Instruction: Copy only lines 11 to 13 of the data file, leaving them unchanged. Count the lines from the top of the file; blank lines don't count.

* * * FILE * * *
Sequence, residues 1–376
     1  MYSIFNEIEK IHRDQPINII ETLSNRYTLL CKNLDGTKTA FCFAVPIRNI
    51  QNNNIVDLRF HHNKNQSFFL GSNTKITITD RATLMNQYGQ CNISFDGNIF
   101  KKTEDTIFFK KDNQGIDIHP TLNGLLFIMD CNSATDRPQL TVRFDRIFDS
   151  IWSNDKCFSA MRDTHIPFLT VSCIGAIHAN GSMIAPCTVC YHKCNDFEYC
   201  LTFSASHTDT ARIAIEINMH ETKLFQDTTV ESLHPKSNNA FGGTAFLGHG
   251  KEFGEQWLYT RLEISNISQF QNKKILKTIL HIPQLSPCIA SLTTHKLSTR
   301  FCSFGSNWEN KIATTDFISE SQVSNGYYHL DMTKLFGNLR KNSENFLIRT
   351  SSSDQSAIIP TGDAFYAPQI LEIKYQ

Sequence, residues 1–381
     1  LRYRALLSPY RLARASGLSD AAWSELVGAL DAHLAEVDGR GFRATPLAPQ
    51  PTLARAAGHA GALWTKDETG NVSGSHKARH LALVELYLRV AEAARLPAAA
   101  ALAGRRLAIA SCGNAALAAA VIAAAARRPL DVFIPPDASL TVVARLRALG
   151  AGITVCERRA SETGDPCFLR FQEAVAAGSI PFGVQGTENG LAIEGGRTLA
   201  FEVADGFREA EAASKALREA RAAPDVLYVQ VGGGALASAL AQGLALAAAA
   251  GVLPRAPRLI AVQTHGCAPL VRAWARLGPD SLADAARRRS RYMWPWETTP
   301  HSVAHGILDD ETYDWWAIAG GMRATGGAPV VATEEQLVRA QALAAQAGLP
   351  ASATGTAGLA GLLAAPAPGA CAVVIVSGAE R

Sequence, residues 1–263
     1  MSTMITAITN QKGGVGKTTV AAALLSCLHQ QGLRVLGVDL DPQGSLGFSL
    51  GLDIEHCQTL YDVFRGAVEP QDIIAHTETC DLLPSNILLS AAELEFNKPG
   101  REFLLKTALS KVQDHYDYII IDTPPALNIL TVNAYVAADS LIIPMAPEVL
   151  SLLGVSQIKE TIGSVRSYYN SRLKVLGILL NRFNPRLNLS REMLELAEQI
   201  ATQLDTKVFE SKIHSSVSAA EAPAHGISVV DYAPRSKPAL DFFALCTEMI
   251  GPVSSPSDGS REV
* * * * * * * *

     1  LRYRALLSPY RLARASGLSD AAWSELVGAL DAHLAEVDGR GFRATPLAPQ
    51  PTLARAAGHA GALWTKDETG NVSGSHKARH LALVELYLRV AEAARLPAAA
   101  ALAGRRLAIA SCGNAALAAA VIAAAARRPL DVFIPPDASL TVVARLRALG